The Adagio proceeds without pause to the second movement Allegro, “The 9th of January”, which depicts the “Bloody Sunday” massacre. Tension builds in steadily growing waves. If I have any criticism of the BSO’s energetic performance, it’s that in this movement, the orchestra moved too quickly from piano to fortissimo, ratcheting up the tension to ear-shattering climax after climax instead of letting a slow burn lend narrative shape to the movement. Still, the transformations to a dark melancholy string waltz, the ferocious string fugue, and the savage brass and percussion made for a harrowing portrait of tyrannical brutality. It then gave way to a reprise of the opening material, made all the bleaker for what had gone before.

This transitions directly to the third movement Adagio, “In Memoriam”, which begins with a halting, almost arrhythmic double bass figure. This serves as the harmonic underpinning for a moving lament, emerging from the violas and cellos, joined by the violins, then low brass and low winds. This gathered enough power and presence that even another wave of pounding drums and percussion could not drown it out, a testament to the extraordinary discipline and generous sound of the Boston Symphony. The work closes by reducing back to that enigmatic bass line.

The final movement Allegro, “The Tocsin”, erupted from the bass line, at a slower than usual tempo but gathering momentum and speed. In this movement, the orchestra was just as vital and gripping at mezzopiano as at fortissimo. And another standout moment happened when the trumpet theme from the first movement transforms to a high plaintive dirge on the English horn, played with heartbreaking desolation by Robert Sheena. The movement ends in another climactic explosion, with all of the BSO percussion section whaling away, and Timothy Genis particularly emphatic on the timpani, and Kyle Brightwell fiercely pounding on the bass drum. The spectacular finish brought the audience to its feet to acknowledge the virtuosity and the magnificent study in contrasts.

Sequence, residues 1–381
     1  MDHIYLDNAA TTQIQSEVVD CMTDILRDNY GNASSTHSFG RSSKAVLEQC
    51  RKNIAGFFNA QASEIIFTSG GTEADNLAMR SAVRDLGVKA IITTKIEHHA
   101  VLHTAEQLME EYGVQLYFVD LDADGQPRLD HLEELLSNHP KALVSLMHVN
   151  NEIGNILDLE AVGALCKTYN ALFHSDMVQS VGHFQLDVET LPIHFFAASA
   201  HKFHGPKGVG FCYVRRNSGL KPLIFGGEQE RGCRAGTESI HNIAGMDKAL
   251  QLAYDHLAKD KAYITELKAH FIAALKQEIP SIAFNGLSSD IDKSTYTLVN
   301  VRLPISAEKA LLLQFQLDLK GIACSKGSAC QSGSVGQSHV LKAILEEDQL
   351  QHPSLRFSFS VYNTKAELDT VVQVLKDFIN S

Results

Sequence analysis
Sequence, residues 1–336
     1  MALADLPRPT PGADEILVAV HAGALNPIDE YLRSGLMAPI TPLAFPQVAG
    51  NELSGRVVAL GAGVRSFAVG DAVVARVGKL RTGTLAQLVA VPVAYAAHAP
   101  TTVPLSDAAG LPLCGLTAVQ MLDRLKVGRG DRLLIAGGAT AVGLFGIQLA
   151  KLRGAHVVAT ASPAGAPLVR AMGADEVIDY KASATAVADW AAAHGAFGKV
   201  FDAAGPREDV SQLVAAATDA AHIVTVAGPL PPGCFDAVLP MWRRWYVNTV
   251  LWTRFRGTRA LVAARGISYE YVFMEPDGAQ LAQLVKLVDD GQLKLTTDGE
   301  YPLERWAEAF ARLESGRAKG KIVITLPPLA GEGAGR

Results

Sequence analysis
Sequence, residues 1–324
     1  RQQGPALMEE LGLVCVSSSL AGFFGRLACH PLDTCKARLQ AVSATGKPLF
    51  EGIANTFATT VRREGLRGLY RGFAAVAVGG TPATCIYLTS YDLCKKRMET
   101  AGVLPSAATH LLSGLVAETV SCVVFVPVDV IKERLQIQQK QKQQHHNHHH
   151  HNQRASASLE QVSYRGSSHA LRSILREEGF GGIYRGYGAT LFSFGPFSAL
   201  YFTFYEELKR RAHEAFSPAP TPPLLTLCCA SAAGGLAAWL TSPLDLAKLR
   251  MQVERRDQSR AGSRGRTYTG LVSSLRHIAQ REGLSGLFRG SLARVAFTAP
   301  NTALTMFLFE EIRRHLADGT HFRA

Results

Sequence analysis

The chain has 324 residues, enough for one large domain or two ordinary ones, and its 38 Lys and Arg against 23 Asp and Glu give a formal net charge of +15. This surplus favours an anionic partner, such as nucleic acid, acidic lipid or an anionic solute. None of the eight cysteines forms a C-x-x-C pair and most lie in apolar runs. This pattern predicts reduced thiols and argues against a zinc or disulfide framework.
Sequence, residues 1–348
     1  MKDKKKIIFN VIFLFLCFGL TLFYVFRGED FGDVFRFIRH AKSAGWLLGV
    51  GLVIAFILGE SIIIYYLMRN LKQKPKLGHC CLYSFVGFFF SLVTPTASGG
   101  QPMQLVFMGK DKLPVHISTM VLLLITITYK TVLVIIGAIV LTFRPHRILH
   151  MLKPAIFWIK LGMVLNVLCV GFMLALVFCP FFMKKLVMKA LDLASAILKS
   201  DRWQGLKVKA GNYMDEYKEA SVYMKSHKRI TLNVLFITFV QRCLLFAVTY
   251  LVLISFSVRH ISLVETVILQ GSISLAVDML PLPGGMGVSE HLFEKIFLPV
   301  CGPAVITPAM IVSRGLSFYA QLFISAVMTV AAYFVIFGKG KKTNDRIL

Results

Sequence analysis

You can hear the Saturday evening concert in the WCRB stream here. BSO will repeat this program on Tuesday at 8 p.m., and will take the Shostakovich on tour in Japan in November. Their Shostakovich survey will continue with the 14th Symphony in February 2018, and the 4th in mid March.

James C.S. Liu is a physician by day and a baritone and music enthusiast by night. He lives with his wife and daughters in Cambridge, Massachusetts.


5 Comments [leave a civil comment (others will be removed) and please disclose relevant affiliations]

  1. “but Nelsons cut each orchestra chord short”. Why “but”? The score (in theold Kalmus edition) says “sempre stac”.

    Comment by Martin Cohn — October 2, 2017 at 8:00 pm

  2. Beethoven’s 4th piano concerto and a Shostakovich symphony? Quite simply, my ideal concert.

    Comment by Christopher Wright — October 4, 2017 at 3:13 pm

  3. To Martin: Well, it’s interesting, when you look at the score. The piano part has markings like “molto cantabile” and “molto espressivo.” The orchestra is marked “sempre staccato” (I’m looking at the Breitkopf edition at,_Op._58-II._Andante_con_moto.pdf) But not all the notes are marked sempre staccato; it only is marked partway into the phrase, but to my mind, the BSO cut things sharper and shorter than I’ve heard in past performances and recordings. It played up that contrast between soloist and orchestra, more than any other recording or performance that I’ve heard before.

    To Christopher: They are two great works to be sure. At least one friend of mine who attended the concert was unsettled by the stark contrast between the two works. I love both of them enough that it didn’t bother me.

    Comment by James C.S. Liu — October 6, 2017 at 10:58 pm

  4. James:

    In the Henle edition, rather than reiterating the “sempre stacc.” at bar 16, as in the Breitkopf edition, they continue to put a dot on each note, with a few exceptions. The first phrase ending, in bar 5, has no dot (Breitkopf does). The high G in 17 has no dot, the A in 28 and the B in 31 have no dots, nor do they in the next sequence either. My instinct is that Beethoven may have wanted these longer phrases to dovetail into the piano part, but as these two editions show, it’s clearly up for interpretation.

    Comment by Thomas Dawkins — October 7, 2017 at 8:49 pm

  5. The on-demand BSO broadcast recordings are suspended now, pending a new national broadcast agreement with the musicians’ union. Hopefully that will be settled this month, enabling them to resume, but for now the only way to hear this concert again is to listen to the rebroadcast on Monday, October 9, at 8pm on WCRB. The regular on-demand link, provided in this review, does not contain any post-Tanglewood concert recordings.

    Comment by Stephen Owades — October 8, 2017 at 1:26 pm